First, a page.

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Picture from Brick-N-Motor food truck.

Picture from Brick-N-Motor food truck.

Legislation was submitted to Rochester’s City Council this week that would allow food trucks to operate downtown. (Read it here.) Food truck operators say the new rules are too restrictive and don’t provide space for enough trucks. But it’s a start.

Cities and suburbs all over the country are grappling with how to treat mobile food vendors. Rochester’s food trucks formed an alliance to advance their interests.

Food trucks have some benefits for cities. They attract people to parks. They generate more foot traffic. The provide additional food options and sometimes they are the only convenient food option. They can attract patrons to neighboring businesses, such as bars, coffee shops and retail stores. Most importantly, people like food trucks and want them near their workplaces.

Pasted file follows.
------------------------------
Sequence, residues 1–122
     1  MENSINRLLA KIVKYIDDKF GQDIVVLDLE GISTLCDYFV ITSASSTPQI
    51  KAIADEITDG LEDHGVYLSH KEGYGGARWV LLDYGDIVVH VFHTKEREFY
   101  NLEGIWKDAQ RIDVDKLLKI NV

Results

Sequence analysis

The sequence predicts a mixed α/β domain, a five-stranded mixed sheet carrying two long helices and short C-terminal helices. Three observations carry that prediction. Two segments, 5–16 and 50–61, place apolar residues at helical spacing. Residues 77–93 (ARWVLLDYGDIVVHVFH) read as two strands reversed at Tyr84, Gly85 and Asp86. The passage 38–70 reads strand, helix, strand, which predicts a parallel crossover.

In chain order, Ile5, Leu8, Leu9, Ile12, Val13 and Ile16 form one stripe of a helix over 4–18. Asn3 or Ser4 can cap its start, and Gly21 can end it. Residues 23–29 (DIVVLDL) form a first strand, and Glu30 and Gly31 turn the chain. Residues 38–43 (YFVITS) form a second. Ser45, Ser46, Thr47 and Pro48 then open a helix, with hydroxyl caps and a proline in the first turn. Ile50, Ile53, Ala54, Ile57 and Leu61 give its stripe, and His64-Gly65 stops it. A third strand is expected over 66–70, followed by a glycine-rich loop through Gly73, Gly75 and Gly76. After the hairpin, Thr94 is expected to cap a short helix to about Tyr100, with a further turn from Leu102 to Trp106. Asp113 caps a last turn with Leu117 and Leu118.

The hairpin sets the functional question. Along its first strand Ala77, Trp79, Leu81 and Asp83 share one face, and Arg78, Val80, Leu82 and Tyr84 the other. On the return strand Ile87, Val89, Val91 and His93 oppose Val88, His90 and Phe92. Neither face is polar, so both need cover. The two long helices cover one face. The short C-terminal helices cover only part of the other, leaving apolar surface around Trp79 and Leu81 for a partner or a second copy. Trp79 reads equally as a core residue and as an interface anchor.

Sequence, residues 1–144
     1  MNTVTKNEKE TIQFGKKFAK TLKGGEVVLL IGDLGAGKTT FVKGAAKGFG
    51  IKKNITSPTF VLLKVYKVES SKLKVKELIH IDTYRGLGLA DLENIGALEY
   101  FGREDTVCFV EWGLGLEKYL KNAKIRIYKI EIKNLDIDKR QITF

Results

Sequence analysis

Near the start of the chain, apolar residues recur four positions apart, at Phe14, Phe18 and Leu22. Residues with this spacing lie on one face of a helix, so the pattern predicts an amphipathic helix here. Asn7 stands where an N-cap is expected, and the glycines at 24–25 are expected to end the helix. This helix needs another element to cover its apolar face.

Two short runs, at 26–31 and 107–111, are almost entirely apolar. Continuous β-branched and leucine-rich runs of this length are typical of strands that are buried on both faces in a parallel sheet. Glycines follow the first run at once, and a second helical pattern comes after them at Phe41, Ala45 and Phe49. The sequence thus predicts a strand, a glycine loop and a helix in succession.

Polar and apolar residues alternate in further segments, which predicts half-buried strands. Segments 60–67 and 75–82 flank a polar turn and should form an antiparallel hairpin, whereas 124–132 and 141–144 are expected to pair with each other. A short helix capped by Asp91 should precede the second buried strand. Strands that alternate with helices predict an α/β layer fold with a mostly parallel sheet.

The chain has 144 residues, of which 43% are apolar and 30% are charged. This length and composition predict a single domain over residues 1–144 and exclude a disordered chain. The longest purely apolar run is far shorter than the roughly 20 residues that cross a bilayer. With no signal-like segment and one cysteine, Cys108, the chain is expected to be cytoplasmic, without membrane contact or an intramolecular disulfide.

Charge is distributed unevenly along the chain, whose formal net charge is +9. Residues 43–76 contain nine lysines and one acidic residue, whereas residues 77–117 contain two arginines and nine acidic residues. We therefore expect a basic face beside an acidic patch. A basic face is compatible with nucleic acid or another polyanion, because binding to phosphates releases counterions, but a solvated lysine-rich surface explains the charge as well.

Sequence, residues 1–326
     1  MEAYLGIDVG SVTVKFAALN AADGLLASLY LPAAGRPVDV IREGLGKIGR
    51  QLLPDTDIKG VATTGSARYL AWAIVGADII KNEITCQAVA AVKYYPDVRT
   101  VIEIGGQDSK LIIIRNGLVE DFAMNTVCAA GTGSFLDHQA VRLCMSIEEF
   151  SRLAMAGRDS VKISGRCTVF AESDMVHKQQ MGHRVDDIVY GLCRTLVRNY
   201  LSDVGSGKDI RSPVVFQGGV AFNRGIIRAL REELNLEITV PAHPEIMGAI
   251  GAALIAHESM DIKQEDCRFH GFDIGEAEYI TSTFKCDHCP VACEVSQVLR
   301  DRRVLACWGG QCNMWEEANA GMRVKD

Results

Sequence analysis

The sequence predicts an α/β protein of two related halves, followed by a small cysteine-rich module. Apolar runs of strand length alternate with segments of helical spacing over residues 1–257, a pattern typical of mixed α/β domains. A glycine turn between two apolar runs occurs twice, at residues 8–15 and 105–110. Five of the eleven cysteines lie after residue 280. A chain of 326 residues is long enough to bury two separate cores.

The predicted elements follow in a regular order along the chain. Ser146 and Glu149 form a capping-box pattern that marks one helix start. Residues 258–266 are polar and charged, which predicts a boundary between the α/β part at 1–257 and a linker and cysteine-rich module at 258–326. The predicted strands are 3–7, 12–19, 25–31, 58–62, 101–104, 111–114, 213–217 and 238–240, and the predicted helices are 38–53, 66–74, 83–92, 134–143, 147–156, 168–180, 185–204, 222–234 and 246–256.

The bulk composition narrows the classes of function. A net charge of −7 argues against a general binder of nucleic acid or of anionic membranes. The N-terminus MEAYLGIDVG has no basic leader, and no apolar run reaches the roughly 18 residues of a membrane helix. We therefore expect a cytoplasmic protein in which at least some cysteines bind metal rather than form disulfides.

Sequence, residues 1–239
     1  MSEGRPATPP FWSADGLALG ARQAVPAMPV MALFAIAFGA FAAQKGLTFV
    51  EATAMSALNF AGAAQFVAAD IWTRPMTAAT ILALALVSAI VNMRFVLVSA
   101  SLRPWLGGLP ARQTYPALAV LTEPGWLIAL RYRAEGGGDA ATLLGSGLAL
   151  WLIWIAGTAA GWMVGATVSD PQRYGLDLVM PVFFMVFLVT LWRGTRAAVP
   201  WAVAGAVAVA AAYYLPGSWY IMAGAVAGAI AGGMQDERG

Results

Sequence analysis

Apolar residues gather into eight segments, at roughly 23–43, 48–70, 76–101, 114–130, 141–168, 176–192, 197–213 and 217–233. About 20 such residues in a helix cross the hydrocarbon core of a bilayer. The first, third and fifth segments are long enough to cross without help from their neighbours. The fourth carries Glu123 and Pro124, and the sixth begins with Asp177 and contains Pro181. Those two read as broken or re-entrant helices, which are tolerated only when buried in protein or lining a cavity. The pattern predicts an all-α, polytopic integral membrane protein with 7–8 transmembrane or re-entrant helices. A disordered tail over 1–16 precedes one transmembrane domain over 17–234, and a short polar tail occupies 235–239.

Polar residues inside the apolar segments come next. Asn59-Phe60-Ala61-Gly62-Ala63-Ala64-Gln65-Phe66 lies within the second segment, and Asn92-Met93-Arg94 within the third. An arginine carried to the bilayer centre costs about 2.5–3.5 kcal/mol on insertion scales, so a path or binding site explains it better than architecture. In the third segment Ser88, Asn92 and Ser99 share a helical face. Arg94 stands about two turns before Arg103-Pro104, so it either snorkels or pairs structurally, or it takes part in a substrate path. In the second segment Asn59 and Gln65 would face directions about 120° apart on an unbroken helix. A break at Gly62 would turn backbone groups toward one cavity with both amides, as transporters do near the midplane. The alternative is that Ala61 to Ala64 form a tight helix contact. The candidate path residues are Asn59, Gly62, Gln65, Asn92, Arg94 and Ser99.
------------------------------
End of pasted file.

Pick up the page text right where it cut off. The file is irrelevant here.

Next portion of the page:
Much of the debate surrounding food trucks involves complaints from brick and mortar restaurants, which have many times the amount of money invested in their businesses. Many regulations bar food trucks from pulling up near permanent establishments. Food trucks counter that restaurants should be able to withstand competition and the trucks operate on a much smaller scale. There should be a compromise somewhere in the debate.

It will be interesting to watch Rochester’s experiment with food trucks this summer.

Links of the Day:

– An Erie County village is tired of cars and wants to take back its Main Street.

– Syracuse schools debate how to discipline problem students. This is a number one complaint of Rochester teachers, too.

– Only a tiny percentage of missing children have been abducted by strangers. The number of missing kids has gone down.

– A Boston Globe columnist takes politicians to task for not having the courage to bury Tamerlan Tsarnaev.

A Queens bar serves nothing but Keuka Lake wines.